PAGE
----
Parvo in Dogs (September 2019)

Parvo is every dog owner’s absolute worst nightmare, be it from a new puppy you’ve just brought home or an unvaccinated dog you’ve had for months or years.

More often than not, the parvovirus is seen in young puppies, most of which don’t survive unless they are given treatment on a regular basis.

What is Parvovirus in Dogs?

Parvovirus presents itself in two forms – intestinal and cardiac. It’s an incredibly contagious virus and is easily spread around.

Intestinal parvo causes anorexia in dogs through diarrhea, vomiting, and general weight loss.

Cardiac parvo attacks the muscles of the heart in young puppies and fetuses who haven’t been born yet. It stops the body from absorbing fluids and nutrients properly, which will cause death very quickly.

Symptoms of Parvo in Dogs

Because there are two different forms of parvo in dogs, I’ll have two different symptom lists.

Listed below are the symptoms of intestinal parvo in dogs:

  • Vomiting
  • Fever
  • Severe and/or bloody diarrhea
  • Lethargic behavior
  • Dehydration
  • Severe and/or sudden weight loss

Listed below are the symptoms of cardiac parvo in dogs:

  • Weak due to lack of fluid absorption and protein
  • Eyes become noticeably red
  • Abnormally rapid heart beat
  • Red mouth tissue
  • Low body temperature
  • Pain in the abdominal area

If you notice any of the symptoms of CPV in dogs, bring your dog to the immediately.

How is Parvo Spread Between Dogs?

The virus can be spread by direct and indirect contact through the anal area and fecal matter.

For example, your dog smells the feces of an infected dog or you step on infected dog feces and track it into your home.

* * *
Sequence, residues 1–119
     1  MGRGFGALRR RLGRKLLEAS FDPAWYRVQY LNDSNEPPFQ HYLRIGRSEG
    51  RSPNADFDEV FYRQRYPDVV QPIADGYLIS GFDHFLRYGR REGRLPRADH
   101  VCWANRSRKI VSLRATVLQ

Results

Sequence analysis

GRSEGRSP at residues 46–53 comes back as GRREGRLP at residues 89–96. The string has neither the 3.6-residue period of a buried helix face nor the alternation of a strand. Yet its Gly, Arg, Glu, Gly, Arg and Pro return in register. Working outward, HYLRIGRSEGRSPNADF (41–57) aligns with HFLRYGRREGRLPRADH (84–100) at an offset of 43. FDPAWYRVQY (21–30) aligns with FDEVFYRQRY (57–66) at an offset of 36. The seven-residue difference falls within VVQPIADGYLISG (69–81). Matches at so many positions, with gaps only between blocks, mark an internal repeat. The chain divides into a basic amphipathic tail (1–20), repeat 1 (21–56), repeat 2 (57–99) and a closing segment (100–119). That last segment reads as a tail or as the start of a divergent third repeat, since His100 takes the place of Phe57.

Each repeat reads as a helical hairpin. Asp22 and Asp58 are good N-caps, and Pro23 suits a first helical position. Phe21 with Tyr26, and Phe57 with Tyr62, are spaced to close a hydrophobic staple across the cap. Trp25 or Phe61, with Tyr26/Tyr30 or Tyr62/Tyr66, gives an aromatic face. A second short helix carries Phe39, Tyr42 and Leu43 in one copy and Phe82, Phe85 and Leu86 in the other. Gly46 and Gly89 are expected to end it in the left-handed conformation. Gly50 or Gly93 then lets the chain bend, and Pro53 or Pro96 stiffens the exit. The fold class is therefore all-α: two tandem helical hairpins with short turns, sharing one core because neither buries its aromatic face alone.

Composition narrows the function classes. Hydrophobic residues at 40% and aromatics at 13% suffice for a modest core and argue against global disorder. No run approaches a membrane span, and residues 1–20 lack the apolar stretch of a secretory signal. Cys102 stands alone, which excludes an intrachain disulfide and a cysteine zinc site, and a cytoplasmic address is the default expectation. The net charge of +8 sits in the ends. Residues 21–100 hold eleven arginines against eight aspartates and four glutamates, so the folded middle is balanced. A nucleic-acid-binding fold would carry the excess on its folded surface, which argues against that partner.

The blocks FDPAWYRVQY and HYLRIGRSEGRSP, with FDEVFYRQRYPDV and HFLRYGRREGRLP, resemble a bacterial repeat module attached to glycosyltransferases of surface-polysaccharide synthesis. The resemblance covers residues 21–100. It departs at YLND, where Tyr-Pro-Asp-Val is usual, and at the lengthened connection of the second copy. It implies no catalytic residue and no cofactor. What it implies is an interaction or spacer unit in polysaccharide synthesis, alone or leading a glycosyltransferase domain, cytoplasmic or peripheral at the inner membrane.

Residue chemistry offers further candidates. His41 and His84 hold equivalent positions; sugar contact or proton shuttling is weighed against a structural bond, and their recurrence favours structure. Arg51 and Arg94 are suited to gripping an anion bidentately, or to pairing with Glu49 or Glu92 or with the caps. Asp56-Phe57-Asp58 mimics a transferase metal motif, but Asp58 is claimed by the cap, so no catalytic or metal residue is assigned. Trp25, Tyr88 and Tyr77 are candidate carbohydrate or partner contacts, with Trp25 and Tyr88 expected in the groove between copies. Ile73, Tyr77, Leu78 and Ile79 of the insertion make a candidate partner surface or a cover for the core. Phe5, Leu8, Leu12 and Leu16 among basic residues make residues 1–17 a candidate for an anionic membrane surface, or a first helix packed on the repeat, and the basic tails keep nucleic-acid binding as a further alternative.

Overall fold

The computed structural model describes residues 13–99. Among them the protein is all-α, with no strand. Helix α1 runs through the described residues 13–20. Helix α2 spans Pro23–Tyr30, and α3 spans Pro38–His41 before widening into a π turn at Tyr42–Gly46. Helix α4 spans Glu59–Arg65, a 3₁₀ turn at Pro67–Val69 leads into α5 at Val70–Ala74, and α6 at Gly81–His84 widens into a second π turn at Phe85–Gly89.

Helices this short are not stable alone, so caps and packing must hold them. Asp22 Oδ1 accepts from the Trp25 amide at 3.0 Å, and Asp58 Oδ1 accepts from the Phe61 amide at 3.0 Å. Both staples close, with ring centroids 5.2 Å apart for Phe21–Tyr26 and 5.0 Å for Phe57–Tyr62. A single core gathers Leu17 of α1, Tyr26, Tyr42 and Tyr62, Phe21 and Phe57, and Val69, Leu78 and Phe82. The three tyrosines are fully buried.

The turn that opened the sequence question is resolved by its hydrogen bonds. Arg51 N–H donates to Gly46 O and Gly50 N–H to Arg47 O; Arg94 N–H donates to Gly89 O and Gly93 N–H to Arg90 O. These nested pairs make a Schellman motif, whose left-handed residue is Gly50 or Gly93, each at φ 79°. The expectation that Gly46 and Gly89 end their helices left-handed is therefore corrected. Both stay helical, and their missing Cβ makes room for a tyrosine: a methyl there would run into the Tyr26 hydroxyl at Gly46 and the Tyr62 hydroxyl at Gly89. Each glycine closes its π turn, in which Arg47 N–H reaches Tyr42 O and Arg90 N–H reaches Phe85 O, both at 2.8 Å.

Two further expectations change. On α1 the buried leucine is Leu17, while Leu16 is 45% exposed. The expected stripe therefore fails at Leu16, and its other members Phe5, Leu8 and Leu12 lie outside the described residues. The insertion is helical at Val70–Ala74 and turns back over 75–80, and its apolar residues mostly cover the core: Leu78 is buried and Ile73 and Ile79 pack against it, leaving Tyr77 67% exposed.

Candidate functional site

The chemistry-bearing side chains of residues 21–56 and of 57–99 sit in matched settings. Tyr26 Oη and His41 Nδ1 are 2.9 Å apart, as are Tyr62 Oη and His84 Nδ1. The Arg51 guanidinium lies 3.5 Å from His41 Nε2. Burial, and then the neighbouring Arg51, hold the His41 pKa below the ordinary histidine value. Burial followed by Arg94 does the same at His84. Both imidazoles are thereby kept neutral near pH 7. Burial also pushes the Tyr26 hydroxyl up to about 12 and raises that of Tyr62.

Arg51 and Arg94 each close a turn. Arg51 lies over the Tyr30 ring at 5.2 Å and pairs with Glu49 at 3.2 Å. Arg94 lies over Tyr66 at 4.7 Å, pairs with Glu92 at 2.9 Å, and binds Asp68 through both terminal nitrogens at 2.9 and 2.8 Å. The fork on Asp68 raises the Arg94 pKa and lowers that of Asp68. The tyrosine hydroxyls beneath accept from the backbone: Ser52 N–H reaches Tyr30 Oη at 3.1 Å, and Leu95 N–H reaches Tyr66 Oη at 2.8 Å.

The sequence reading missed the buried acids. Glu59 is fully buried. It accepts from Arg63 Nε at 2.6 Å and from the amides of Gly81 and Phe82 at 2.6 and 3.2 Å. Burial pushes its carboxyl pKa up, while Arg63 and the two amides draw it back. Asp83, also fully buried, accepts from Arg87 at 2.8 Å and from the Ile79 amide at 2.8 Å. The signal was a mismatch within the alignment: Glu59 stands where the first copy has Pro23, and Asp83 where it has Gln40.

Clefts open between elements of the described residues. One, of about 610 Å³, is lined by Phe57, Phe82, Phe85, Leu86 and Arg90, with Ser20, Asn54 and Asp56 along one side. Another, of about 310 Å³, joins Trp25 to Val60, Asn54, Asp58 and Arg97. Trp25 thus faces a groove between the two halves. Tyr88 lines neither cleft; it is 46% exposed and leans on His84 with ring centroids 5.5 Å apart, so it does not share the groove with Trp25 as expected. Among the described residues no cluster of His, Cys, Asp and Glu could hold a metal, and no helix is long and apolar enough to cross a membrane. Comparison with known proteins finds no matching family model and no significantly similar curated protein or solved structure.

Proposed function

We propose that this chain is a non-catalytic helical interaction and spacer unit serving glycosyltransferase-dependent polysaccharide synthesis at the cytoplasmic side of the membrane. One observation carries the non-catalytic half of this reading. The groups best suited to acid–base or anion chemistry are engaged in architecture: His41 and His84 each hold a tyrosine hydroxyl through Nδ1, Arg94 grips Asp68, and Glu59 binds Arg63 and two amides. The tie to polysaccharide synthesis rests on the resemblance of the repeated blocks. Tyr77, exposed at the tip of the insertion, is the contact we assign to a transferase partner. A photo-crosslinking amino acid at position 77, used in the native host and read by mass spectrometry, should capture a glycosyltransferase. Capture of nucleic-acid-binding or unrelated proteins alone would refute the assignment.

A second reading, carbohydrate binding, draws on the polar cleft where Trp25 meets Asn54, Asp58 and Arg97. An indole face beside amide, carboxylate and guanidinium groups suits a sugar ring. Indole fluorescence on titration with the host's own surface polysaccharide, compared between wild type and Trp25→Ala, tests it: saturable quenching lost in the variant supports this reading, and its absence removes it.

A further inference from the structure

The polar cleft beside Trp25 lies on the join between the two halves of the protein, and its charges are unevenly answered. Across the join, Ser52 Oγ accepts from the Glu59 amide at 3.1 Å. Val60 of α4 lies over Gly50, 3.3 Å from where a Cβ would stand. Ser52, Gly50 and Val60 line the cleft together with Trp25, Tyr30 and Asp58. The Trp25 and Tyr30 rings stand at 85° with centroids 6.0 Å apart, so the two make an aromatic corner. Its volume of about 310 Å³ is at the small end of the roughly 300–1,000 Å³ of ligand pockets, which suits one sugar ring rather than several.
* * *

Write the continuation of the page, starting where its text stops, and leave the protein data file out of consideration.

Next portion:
Unfortunately, this means you could be carrying parvo around with you. It can survive indoors at a room temperature for up to 2 months and in an outdoor temperature for much longer, even years.

Who is At Risk of Parvo the Most?

Unfortunately, kennels and shelters are known breeding grounds for parvo. This is because not all dogs may be vaccinated or they were not fully vaccinated.

Because of this, it’s extremely important to have your new pup checked out by the vet as soon as you get it and vaccinate him for parvo immediately.

Unfortunately, Doberman Pinschers, English Springer Spaniels, Pit Bulls, Rottweilers, Alaskan Sled Dogs, German Shepherds, and Labrador Retrievers are breeds that are more vulnerable to parvo compared to other breeds.

Preventing Parvo in Dogs

The best way to prevent your dog from getting parvo is to have him vaccinated as early as possible.

If your dog has parvo, do not keep any other dogs in your home. You must quarantine your dog completely from other dogs to ensure it does not spread.

A parvo-infected dog will shed the virus between 4 to 5 days after initial exposure. From there, symptoms will become present.

Even if a dog is in the recovering stages, you still need to quarantine him. He will still shed the virus for up to 10 days even if he’s made a full recovery.

If you have had a dog with parvo, in general, I do not recommend getting another one for at least a couple of years.

Bleach is known to be one of the only chemicals strong enough to kill the virus, but it’s a resilient one. It can actually survive in the ground for years.

Go Straight to the Vet

Parvo is a very deadly virus that kills hundreds of dogs every year. If you suspect your dog has parvo, you need to get to the vet as soon as you can – he may not have much time.

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